Lower income graduates don’t need more HELP

by Tom Swann, Researcher

The chaotic ‘fixing’ of Christopher Pyne’s failed university funding deregulation agenda seems a long way behind us now. The budget lists few new measures, with the money focused mainly on supporting student places in regional universities. That’s an attempt to compensate for previously announced caps on per-student government funding.

The government is also clawing back uni fees faster from students, with a previously announced HELP loan repayment schedule that sees lower income graduates start paying loans back earlier. In addition, graduates at some higher incomes will repay less, and there’s a new higher income bracket. But the whole point is to get most students to repay more of their loans faster, including on lower incomes. The changes won’t see higher income graduates contribute more over their highly paid careers, rather pay off their loans more quickly.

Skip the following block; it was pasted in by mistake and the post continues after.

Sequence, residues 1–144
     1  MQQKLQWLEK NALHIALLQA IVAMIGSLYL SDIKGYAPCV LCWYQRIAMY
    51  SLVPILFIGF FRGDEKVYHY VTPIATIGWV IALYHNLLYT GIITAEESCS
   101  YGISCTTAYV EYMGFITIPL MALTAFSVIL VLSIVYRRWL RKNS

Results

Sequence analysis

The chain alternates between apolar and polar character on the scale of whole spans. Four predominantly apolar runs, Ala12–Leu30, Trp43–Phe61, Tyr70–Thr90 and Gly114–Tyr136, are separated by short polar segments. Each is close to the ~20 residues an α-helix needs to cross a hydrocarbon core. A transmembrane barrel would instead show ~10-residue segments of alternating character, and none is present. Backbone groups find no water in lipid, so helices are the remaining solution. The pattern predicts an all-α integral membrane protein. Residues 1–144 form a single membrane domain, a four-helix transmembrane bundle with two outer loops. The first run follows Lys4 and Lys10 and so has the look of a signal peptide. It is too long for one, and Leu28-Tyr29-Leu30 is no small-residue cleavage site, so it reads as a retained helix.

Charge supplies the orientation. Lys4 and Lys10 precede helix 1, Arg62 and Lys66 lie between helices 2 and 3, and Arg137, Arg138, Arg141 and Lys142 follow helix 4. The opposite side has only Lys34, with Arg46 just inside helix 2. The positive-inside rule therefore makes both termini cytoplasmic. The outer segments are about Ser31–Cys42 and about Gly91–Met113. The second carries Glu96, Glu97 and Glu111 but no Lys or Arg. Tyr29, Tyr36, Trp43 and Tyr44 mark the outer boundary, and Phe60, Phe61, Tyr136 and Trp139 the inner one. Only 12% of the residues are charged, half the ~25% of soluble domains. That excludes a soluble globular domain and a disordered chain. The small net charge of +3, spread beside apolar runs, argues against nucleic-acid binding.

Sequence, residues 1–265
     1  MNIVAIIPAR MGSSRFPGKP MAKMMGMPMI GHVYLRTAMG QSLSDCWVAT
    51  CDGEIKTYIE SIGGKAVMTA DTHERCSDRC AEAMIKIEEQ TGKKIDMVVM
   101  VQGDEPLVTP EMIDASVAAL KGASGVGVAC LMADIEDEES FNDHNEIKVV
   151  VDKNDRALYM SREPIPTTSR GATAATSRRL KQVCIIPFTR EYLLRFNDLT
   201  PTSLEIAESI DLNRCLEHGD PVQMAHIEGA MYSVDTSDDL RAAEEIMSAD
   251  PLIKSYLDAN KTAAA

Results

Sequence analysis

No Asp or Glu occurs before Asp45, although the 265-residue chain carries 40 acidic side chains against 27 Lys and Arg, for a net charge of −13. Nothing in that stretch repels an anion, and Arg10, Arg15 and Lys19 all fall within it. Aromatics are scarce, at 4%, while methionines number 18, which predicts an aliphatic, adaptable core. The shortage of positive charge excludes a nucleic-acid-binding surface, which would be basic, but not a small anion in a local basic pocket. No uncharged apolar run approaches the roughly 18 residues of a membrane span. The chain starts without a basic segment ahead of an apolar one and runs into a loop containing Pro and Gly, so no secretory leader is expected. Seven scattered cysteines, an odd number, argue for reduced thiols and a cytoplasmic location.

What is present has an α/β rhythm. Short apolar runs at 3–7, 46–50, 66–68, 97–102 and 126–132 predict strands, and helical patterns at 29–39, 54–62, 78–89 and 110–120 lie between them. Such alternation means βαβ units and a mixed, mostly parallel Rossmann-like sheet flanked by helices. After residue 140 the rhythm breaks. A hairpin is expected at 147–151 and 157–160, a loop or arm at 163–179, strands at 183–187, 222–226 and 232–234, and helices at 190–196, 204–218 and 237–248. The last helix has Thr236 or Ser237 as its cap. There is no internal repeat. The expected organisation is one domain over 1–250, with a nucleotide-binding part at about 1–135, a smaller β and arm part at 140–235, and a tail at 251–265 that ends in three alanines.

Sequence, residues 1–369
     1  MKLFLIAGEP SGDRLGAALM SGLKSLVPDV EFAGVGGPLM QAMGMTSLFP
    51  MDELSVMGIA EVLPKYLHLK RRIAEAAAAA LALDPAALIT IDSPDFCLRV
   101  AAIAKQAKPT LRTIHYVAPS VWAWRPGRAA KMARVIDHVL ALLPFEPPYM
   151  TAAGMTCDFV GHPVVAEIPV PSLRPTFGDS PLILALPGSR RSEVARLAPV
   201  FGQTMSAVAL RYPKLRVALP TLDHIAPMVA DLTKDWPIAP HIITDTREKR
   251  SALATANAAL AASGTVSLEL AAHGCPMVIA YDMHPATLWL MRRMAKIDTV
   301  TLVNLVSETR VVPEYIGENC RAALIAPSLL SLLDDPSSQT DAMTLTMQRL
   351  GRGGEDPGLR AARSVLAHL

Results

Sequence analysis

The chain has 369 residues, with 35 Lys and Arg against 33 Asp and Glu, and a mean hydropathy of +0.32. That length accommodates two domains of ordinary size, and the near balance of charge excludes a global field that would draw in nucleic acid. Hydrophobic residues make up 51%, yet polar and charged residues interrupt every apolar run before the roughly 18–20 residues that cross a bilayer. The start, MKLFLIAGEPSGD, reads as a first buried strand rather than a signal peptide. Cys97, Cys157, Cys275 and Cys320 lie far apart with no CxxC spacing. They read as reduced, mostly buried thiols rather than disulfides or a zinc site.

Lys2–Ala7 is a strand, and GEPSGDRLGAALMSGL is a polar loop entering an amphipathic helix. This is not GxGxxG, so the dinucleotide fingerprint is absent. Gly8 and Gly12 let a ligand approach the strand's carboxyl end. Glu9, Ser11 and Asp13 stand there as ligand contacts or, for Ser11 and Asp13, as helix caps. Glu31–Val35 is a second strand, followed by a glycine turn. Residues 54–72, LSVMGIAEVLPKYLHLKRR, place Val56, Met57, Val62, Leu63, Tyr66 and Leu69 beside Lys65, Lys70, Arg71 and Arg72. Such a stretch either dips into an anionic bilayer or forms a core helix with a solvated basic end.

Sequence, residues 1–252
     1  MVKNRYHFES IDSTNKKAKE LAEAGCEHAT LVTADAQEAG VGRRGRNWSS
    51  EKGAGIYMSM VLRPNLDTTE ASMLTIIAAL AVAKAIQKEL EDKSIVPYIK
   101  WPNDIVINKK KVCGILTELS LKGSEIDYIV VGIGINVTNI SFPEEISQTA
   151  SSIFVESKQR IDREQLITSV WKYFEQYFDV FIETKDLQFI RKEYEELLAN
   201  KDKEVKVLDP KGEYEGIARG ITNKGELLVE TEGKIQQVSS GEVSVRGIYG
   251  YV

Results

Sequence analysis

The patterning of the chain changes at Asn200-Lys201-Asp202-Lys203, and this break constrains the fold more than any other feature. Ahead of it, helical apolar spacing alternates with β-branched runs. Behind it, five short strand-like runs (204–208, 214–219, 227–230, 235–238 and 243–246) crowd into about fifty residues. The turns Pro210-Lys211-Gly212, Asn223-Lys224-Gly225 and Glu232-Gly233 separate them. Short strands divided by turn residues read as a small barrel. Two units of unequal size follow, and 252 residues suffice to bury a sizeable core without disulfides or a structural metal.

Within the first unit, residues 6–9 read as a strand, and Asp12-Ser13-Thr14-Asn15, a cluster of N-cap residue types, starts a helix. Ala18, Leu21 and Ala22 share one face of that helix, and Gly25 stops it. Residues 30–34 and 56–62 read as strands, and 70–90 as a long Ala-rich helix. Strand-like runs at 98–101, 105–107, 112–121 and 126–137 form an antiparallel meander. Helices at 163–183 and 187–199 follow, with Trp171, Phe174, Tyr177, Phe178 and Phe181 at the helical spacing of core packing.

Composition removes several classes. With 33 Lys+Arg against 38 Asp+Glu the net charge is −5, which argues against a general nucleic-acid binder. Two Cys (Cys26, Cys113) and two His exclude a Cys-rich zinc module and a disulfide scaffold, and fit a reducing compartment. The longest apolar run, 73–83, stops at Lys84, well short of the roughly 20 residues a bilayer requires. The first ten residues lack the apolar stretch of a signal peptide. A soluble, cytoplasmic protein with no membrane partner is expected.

Good news includes a modest increase in ‘research infrastructure’ funding of around $400m over five years, covering costs of research not covered by grant funding. This should reduce some of the pressure for universities to gouge students to cross-subsidise research. Also good news is the quiet backflip on abolishing the roughly $150 million a year Higher Education Partnerships and Participation Program.

In the VET sector, there’s extra funding to manage VET Student Loans program in the aftermath of previous poor accountability and dodgy private providers.

From all of the team at The Australia Institute, thanks for reading.
We are able to do what we do because of your

Subscribe to our mailing list to receive updates like this, straight to your inbox.

an independent think-tank based in Canberra > australia.org.au

Get the Medium app

A button that says 'Download on the App Store', and if clicked it will lead you to the iOS App store
A button that says 'Get it on, Google Play', and if clicked it will lead you to the Google Play store